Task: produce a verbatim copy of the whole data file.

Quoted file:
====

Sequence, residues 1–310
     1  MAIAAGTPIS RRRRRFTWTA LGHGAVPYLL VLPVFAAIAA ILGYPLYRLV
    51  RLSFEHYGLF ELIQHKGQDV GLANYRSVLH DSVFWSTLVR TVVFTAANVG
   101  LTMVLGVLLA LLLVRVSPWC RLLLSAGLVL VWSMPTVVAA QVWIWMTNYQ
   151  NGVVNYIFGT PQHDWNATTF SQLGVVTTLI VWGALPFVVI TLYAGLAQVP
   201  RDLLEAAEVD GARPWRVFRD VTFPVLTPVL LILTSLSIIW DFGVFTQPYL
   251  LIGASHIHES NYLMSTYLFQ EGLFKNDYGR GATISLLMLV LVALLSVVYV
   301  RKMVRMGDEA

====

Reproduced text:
Sequence, residues 1–310
     1  MAIAAGTPIS RRRRRFTWTA LGHGAVPYLL VLPVFAAIAA ILGYPLYRLV
    51  RLSFEHYGLF ELIQHKGQDV GLANYRSVLH DSVFWSTLVR TVVFTAANVG
   101  LTMVLGVLLA LLLVRVSPWC RLLLSAGLVL VWSMPTVVAA QVWIWMTNYQ
   151  NGVVNYIFGT PQHDWNATTF SQLGVVTTLI VWGALPFVVI TLYAGLAQVP
   201  RDLLEAAEVD GARPWRVFRD VTFPVLTPVL LILTSLSIIW DFGVFTQPYL
   251  LIGASHIHES NYLMSTYLFQ EGLFKNDYGR GATISLLMLV LVALLSVVYV
   301  RKMVRMGDEA